The HR-V isn’t fast or quick, but exceptional tuning makes for good handling, ride, and braking, as well as a good overall sensory experience. We subtract a point for the powertrain but add two points for the ride and handling to a 6 out of 10.

Is the Honda HR-V 4WD?

The HR-V comes standard with front-wheel drive, but for $1,500 more the optional all-wheel-drive system uses hydraulics to operate a clutch and shift about half the torque to the rear wheels as needed. 

How fast is the Honda HR-V?

At a hefty 3,333 pounds, the top HR-V weighs about as much as a base CR-V. The HR-V’s powertrain is adequate but never seems frisky. 

Following decades of Honda’s non-turbocharged inline-4 engines, the 158-hp 2.0-liter is smooth yet loud when pushed for acceleration. The engine and the CVT aren’t a great match, since the CVT tries to maintain the lowest possible revs, which makes the engine strain and leaves it waiting for a “downshift.” This can be alleviated by pushing harder on the throttle, or by shifting from “D” to “S.”

The HR-V’s core underpinnings are loaned out from the Civic and CR-V, resulting in refined road manners despite a somewhat high stance. The rear floating subframe and the independent multi-link suspension come from the CR-V, as well, though the steering stability was tuned specifically for the HR-V, perfect for confidence through turns and over rough surfaces.

The HR-V doesn’t have an off-road mode, though it has a descent control mode for low-speed crawling down a steep trail, and Snow mode tweaks the stability and torque distribution.

The HR-V trades some cargo space in favor of cabin space.

The HR-V edges into cabin sizes like the Ford Escape, Toyota RAV4, Nissan Rogue, and other compact crossovers. Comfy front seats and roomy rear seats each earn a point, as does the quiet ride, resulting in an 8 out of 10.

The HR-V’s cabin no longer features the flip-upright Magic Seat setup, but it has a big cargo area and a comfortable rear row. The seat design optimizes posture and support, and combined with the wide door cuts, helps make the HR-V feel more spacious than its subcompact footprint suggests. The HR-V is quiet, too, thanks to an acoustic windshield and generous sound insulation in the doors, floor, dash, and trunk lining.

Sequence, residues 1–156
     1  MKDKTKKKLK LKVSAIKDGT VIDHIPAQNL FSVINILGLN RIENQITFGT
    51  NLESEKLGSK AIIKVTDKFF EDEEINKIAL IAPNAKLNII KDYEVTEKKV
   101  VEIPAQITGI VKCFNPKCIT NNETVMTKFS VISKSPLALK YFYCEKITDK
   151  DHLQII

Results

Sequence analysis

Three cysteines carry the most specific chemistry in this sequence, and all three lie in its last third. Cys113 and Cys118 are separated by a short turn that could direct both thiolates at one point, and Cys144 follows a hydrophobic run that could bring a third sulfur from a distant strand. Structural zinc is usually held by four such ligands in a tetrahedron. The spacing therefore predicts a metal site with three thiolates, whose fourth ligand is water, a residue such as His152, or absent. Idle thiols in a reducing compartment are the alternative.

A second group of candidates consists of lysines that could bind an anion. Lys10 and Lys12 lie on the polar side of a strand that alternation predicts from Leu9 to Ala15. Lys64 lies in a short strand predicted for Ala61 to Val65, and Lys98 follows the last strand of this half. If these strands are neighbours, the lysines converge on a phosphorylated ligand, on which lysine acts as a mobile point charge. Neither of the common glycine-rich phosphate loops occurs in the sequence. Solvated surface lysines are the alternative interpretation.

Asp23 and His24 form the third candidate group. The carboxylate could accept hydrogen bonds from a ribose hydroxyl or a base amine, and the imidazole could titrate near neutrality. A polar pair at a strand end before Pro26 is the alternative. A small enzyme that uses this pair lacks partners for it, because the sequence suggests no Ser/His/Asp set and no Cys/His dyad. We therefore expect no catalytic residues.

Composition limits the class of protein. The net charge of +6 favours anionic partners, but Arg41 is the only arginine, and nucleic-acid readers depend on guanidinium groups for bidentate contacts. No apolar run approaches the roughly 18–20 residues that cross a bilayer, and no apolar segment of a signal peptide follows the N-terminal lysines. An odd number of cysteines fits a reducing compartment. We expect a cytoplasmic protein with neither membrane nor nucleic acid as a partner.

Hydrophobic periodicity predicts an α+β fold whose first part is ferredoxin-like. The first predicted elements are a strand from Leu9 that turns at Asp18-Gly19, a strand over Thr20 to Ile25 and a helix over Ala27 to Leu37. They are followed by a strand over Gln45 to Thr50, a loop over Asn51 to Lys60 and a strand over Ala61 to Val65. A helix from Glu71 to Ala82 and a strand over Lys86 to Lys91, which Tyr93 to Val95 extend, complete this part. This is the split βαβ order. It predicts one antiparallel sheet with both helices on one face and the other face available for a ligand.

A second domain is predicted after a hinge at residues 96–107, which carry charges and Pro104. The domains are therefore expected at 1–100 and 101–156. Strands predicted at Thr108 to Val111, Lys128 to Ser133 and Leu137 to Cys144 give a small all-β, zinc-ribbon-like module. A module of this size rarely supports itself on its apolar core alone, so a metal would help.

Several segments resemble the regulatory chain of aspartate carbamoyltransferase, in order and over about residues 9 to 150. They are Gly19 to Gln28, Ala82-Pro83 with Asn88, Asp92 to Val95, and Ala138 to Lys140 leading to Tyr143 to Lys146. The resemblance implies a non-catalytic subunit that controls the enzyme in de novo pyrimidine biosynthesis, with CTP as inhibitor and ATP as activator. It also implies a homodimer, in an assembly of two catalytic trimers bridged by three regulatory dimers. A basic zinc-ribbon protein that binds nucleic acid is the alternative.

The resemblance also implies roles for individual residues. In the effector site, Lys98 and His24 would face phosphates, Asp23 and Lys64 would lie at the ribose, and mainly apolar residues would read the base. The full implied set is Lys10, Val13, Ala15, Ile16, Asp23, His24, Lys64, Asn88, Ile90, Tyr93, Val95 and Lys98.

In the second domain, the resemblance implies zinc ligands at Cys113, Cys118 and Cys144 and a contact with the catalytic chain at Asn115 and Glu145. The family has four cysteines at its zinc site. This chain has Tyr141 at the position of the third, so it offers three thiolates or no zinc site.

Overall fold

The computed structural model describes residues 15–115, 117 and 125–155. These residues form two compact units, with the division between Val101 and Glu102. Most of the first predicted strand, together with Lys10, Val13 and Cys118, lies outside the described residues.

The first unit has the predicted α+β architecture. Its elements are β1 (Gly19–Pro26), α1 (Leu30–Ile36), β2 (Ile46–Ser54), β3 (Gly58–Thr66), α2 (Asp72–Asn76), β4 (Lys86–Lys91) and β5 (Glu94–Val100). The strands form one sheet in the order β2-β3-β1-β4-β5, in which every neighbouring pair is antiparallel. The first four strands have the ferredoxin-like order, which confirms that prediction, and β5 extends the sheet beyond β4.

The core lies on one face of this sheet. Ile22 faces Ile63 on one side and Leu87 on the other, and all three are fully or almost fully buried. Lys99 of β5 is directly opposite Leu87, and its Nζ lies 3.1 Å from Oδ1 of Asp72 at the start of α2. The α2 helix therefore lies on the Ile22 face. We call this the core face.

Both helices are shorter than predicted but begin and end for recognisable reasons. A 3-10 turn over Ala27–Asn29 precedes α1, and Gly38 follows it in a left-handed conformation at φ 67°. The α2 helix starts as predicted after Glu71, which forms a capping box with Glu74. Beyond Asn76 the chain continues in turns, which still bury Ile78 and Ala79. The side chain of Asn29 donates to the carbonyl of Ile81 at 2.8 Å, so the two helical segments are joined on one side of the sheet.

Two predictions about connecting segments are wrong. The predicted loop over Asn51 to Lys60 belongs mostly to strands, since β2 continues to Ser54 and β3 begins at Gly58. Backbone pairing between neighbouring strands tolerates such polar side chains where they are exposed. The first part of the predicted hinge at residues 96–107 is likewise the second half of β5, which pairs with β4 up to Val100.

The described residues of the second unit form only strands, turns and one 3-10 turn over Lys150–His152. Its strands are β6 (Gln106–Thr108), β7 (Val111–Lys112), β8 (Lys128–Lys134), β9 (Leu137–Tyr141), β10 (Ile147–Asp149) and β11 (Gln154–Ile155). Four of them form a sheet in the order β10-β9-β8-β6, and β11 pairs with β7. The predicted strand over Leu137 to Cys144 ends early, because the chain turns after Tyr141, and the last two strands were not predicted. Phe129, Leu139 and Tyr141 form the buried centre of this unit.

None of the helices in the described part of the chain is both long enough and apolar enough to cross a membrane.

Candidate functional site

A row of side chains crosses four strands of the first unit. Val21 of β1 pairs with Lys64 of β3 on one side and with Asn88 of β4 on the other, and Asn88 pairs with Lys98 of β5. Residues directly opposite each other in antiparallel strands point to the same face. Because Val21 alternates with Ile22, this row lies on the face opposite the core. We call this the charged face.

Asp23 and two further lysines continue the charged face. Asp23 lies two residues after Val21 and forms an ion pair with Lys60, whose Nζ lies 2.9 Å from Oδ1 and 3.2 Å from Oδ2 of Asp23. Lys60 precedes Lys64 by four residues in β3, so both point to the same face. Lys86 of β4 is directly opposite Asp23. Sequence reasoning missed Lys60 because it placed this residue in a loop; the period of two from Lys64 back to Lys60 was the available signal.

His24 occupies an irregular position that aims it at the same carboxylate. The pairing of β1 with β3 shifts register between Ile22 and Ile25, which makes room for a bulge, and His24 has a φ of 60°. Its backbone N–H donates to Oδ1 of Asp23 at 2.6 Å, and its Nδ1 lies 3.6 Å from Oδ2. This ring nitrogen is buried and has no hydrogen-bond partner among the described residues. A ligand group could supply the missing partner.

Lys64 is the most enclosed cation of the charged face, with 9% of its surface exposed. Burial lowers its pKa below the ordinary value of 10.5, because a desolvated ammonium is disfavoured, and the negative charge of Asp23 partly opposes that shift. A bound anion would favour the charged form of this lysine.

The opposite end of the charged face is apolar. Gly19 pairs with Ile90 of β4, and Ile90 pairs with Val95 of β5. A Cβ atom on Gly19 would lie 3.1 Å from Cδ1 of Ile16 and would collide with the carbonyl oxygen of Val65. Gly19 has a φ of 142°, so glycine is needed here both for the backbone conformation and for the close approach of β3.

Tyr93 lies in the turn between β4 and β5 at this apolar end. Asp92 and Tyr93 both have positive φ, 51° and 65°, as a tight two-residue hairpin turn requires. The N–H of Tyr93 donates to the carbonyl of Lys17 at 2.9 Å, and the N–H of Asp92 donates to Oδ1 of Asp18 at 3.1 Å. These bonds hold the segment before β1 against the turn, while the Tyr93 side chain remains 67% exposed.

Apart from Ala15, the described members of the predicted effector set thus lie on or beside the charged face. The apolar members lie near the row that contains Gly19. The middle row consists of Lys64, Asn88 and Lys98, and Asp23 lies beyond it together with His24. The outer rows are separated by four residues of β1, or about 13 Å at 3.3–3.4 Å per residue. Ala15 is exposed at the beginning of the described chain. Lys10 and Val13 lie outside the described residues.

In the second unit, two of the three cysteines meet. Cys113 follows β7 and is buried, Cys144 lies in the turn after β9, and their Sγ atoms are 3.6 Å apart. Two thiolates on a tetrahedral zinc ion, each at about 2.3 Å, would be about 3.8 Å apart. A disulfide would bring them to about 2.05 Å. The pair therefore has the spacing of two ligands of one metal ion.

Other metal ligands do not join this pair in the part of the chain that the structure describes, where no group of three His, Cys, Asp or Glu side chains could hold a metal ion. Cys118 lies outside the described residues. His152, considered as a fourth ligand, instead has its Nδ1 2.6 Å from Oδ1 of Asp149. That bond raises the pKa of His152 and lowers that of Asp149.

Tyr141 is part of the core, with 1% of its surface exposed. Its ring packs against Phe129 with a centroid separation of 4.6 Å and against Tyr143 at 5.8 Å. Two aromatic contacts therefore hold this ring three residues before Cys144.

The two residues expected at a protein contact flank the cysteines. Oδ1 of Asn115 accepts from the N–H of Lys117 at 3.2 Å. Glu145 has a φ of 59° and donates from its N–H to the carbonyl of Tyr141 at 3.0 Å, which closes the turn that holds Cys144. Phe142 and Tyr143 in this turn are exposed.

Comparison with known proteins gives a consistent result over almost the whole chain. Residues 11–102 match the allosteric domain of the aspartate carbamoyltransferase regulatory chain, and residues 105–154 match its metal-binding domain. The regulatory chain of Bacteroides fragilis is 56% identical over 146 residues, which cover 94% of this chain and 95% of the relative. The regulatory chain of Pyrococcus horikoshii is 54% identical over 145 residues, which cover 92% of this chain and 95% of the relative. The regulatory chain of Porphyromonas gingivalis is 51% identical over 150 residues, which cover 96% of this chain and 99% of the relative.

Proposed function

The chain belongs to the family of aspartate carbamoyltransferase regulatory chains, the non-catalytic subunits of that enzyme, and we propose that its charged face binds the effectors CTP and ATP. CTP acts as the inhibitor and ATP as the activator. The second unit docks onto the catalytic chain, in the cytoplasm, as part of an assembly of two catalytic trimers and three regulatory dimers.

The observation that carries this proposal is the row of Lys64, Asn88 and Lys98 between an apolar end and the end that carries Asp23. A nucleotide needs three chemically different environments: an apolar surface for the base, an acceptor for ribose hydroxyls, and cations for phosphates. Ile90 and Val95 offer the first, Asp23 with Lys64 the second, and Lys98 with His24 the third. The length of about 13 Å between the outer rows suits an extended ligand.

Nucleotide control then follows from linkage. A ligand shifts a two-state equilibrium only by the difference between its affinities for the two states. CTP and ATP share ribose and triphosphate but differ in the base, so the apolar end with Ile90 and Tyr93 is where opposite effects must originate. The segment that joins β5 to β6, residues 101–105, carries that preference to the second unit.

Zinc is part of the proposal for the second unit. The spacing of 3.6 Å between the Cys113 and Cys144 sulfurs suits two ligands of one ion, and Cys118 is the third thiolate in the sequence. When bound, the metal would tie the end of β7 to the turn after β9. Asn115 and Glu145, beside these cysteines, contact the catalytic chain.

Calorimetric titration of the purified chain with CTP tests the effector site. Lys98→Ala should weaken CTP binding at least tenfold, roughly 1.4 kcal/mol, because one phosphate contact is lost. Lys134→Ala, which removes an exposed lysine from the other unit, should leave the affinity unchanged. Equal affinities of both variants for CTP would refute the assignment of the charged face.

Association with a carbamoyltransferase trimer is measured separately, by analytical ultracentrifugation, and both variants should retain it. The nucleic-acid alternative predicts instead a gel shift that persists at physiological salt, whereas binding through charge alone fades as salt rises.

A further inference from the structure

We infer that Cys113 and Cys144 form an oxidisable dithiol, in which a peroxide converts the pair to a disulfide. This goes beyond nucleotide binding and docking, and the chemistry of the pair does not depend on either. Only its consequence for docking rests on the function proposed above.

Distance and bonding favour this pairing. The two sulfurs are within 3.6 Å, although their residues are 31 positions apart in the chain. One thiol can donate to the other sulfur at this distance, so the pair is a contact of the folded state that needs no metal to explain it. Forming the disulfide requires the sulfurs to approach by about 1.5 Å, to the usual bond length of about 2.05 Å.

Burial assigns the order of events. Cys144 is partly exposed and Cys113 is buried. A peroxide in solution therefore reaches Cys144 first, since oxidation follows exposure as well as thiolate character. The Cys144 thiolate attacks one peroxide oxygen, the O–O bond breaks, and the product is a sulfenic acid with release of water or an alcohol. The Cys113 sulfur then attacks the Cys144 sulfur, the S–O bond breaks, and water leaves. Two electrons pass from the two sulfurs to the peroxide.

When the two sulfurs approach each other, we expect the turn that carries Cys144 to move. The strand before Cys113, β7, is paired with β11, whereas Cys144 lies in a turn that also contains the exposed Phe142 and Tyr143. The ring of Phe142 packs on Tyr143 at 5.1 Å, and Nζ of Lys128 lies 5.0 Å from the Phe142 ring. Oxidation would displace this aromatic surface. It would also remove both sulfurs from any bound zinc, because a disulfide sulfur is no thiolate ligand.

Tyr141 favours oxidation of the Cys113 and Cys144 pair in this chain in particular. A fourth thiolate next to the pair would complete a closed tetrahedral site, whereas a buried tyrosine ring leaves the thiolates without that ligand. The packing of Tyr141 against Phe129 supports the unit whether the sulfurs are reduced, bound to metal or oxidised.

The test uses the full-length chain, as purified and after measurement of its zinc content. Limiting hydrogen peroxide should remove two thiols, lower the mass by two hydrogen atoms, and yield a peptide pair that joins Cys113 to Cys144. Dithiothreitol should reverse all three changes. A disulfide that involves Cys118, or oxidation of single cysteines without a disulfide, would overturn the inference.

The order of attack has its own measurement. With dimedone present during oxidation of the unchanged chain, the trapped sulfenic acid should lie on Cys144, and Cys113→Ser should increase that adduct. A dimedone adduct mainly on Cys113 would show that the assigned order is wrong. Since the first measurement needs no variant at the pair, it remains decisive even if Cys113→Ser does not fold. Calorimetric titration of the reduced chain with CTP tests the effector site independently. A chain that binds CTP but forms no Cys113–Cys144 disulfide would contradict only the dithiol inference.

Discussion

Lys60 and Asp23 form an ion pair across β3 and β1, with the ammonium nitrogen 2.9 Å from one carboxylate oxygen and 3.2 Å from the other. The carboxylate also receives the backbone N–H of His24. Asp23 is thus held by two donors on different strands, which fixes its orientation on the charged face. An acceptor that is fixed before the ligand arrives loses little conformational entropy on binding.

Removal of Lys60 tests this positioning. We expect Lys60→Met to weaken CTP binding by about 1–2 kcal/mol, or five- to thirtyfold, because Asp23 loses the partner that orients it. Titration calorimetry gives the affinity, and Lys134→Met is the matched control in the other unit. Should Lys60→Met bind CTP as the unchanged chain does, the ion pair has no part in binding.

There’s no power tailgate option, though the handle is perfectly placed for easy grabbing. There’s 24.4 cubic feet of space and the 60/40-split rear row folds almost fully flat, opening up a total of 55.1 cubic ft. A low, long load floor and wide hatch opening make the space easy to use.

The 2024 Honda HR-V earns a Top Safety Pick+ from the IIHS.

How safe is the Honda HR-V?

The NHTSA hasn’t tested the HR-V since its redesign, but the IIHS awards the 2023 model a Top Safety Pick+ rating. Combined with the generous list of standard safety equipment, that earns a 7 here.

The HR-V features 10 standard airbags, active lane control, automatic emergency braking, and adaptive cruise control. A road-departure mitigation system fine-tunes braking and steering to prevent or minimize a loss of control. These features are included with the single-camera Honda Sensing system. 

The only active-safety tech omitted on entry-level models are blind-spot monitors and low-speed braking control (standard in EX-L versions). 

The HR-V offers tremendous value.

The 2024 Honda HR-V has more of a focus on value than ever. For the low base price, long list of standard features, and great infotainment tech, it earns an 8 out of 10. 

All HR-V models include power windows, automatic climate control, alloy wheels, and a 7.0-inch touchscreen with Android Auto and Apple CarPlay compatibility. Models with the 9.0-inch display support wireless smartphone integration.

Which Honda HR-V should I buy?

The entry-level LX looks like the best value. We don’t know of a rival crossover that seems so refined yet costs just barely over $25,000. Unless the look of the Sport strikes your fancy, you may consider skipping its heated seats and sunroof in favor of the top EX-L with its extra features and bigger infotainment display. 

How much is a fully loaded Honda HR-V?

The top-level EX-L version costs $30,195 when upgraded with all-wheel drive. It gets nicer trim and wheels, dual-zone automatic climate control, a power-adjustable driver’s seat, leather upholstery, LED ambient lighting, and a larger 9.0-inch infotainment display with wireless Apple CarPlay and Android Auto.

The HR-V should be more efficient than it is.

Is the Honda HR-V good on gas?

No, which is surprising. With all-wheel drive, the HR-V is rated at 25 mpg city, 30 highway, 27 combined, while front-wheel-drive models get 26/32/28 mpg.

It’s not only thirstier than rivals, it’s also 2 mpg lower than Honda’s larger CR-V. It’s just a 3 out of 10 on our scale. 

Those planning to maximize HR-V efficiency can stick with Econ mode, which softens throttle and shifting behavior somewhat, and runs the climate control more efficiently.

Leave a Comment